(2) If a crew member is on a regularly scheduled rotating assignment to a vessel, training aboard in the use of the vessel's lifesaving appliances, including equipment on survival craft, must be given to the member not later than 2 weeks after the member first joins the vessel.

(3) Each crew member must be instructed in the use of the vessel's lifesaving equipment and appliances and in survival at sea during alternate weeks, normally in the weeks when abandon-ship drills are not held. If individual instructional sessions cover different parts of the vessel's lifesaving system, they must cover each part of the vessel's lifesaving equipment and appliances each 2 months. Each member must be instructed in at least—

(i) Operation and use of the vessel's inflatable liferafts;

(ii) Problems of hypothermia, first aid for hypothermia, and other appropriate procedures; and

(iii) Special procedures necessary for use of the vessel's lifesaving equipment and appliances in heavy weather.

(4) Training in the use of davit-launched inflatable liferafts must take place at intervals of not more than 4 months on each vessel with such liferafts. Whenever practicable this must include the inflation and lowering of a liferaft. If this liferaft is a special one intended for training only, and is not part of the vessel's lifesaving system, it must be conspicuously so marked.

(e) Dates when musters are held, details of abandon-ship drills, drills on other lifesaving equipment and appliances, and training aboard must be entered in the vessel's official logbook. Each logbook entry must include the following, as applicable:

(1) Time and date.

(2) Length of drill or training session.

(3) Identification of survival craft used in drills.

(4) Subject of training session.

(5) Statement on the condition of the equipment used.

(6) Unless a full muster, drill, or training session is held at the appointed time, the circumstances and the extent of the muster, drill, or training session held.

[CGD 82-004 and CGD 86-074, 62 FR 49340, Sept. 19, 1997, as amended by USCG-2009-0702, 74 FR 49235, Sept. 25, 2009; USCG-2012-0832, 77 FR 59782, Oct. 1, 2012]

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§131.535   Firefighting training and drills.

(a) A fire drill must be held on each vessel, normally on alternate weeks. It must not be held as part of the abandon-ship drill, nor immediately before or after the abandon-ship drill. If none can be held on schedule, because of bad weather or other unavoidable constraint, one must be held at the next opportunity.

(b) Any crew member excused from a fire drill must participate in the next one, so that each member participates in at least one each month. Unless more than 25 percent of the members have participated in one on that particular vessel in the previous month, one must be held before the vessel leaves port if reasonable and practicable; but, unless the Commandant (CG-CVC) accepts alternative arrangements as at least equivalent, one must be held not later than 24 hours after the vessel leaves port in any event.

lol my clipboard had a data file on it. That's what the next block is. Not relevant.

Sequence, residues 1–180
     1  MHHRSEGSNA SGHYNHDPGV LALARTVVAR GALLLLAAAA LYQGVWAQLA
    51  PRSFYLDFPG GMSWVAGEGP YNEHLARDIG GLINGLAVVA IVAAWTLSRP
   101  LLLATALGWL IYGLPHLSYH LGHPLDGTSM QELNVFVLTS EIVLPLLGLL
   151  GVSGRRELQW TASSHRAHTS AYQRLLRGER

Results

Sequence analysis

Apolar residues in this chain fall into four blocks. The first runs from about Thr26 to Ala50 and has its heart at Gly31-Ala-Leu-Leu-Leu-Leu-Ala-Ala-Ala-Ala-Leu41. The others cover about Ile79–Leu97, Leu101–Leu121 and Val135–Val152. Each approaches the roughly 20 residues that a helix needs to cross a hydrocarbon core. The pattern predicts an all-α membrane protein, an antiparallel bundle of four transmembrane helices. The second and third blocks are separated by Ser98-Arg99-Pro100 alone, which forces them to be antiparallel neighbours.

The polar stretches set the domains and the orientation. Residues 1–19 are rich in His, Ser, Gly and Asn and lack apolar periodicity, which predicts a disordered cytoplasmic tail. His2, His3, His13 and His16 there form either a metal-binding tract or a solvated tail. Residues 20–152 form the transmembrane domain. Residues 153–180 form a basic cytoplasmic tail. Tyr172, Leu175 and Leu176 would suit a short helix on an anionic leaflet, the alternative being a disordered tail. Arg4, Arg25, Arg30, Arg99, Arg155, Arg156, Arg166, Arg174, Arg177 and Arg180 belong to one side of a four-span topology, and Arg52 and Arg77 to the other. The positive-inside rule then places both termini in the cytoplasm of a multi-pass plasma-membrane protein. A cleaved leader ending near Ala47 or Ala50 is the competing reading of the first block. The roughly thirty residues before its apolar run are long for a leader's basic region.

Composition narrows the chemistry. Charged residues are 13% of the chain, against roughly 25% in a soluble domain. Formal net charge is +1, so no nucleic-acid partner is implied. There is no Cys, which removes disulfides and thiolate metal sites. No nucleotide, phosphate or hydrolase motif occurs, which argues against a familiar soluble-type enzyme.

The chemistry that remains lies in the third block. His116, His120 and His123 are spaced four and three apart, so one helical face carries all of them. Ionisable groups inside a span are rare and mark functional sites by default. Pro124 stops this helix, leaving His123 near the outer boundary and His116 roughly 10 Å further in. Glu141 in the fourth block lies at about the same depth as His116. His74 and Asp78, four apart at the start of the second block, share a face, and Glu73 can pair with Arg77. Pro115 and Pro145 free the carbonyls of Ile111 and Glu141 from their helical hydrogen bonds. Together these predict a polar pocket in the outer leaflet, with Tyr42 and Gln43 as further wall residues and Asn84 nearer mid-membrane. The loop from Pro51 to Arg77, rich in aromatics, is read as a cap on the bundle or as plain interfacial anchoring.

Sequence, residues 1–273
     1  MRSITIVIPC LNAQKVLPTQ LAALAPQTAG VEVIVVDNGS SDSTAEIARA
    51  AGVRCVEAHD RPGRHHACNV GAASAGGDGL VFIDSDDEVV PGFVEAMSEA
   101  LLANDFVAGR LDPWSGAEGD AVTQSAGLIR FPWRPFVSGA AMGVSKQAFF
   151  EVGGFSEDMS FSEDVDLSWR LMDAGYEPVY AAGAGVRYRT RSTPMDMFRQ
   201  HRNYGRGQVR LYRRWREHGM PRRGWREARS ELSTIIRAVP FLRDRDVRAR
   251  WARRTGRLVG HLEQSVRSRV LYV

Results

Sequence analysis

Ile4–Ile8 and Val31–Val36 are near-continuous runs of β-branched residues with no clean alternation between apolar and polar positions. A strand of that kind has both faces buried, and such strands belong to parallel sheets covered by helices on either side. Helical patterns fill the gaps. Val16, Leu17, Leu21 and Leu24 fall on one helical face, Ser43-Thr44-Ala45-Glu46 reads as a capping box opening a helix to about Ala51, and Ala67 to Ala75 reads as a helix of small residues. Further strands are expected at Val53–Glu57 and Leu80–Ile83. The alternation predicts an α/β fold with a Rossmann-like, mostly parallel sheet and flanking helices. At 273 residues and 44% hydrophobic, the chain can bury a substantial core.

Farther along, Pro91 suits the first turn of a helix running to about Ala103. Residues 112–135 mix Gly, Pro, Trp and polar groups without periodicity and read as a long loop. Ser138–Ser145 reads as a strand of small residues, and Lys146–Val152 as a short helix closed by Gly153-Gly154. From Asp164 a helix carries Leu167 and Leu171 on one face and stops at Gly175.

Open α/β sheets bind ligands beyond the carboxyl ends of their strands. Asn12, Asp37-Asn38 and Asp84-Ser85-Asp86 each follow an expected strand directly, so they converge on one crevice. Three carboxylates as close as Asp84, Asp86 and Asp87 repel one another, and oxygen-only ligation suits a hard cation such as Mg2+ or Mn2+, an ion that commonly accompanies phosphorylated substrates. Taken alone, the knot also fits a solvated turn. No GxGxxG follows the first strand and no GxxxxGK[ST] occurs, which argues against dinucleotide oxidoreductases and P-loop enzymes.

(c) Each fire drill must include—

(1) Summoning of crew members and offshore workers to their stations with the general alarm;

(2) Simulation of a fire emergency that varies from drill to drill;

(3) Reporting of crew members and offshore workers to stations, and preparing for, and demonstrating of the duties assigned under the procedure described in the station bill for, the particular fire emergency being simulated;

(4) Starting of fire pumps and use of a sufficient number of outlets to determine that the system is working properly;

(5) Bringing out each breathing apparatus and other item of rescue and safety equipment from the emergency-equipment lockers, and demonstrating of the use of each item by the person or persons that will make use of it;

(6) Operation of each watertight door;

(7) Operation of each self-closing fire door;

(8) Closing of each fire door and each door within the fire boundary; and

(9) Closing of each ventilation closure of each space protected by a fixed fire-extinguishing system.

(d) Each fire drill must, as far as practicable, be conducted as if there were an actual emergency.

(e) The dates when fire drills are held, and details of training in fire fighting and of fire drills, must be entered in the vessel's official logbook. Each logbook entry must include the following, as applicable:

(1) Time and date.

(2) Length of drill or training session.

(3) Number and lengths of hose used.

(4) Subject of training session.

(5) Statement on the condition of the equipment used.

(6) Unless a full drill or training session is held at the appointed time, the circumstances and the extent of the drill or training session held.

[CGD 82-004 and CGD 86-074, 62 FR 49340, Sept. 19, 1997, as amended by USCG-2009-0702, 74 FR 49235, Sept. 25, 2009; USCG-2012-0832, 77 FR 59782, Oct. 1, 2012]

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§131.540   Operational readiness.

(a) Except as provided by §131.545(e) of this subpart, ach lifesaving appliance and each item of equipment for a lifeboat, liferaft, survival craft, rescue boat, life float, or buoyant apparatus must be in good working order and ready for immediate use before the vessel leaves port and at any time when the vessel is away from port.

(b) Each deck where a lifeboat, liferaft, survival craft, rescue boat, life float, or buoyant apparatus is stowed, launched, or boarded must be kept clear of obstructions that would interfere with the breaking out, launching, or boarding of the lifesaving appliance.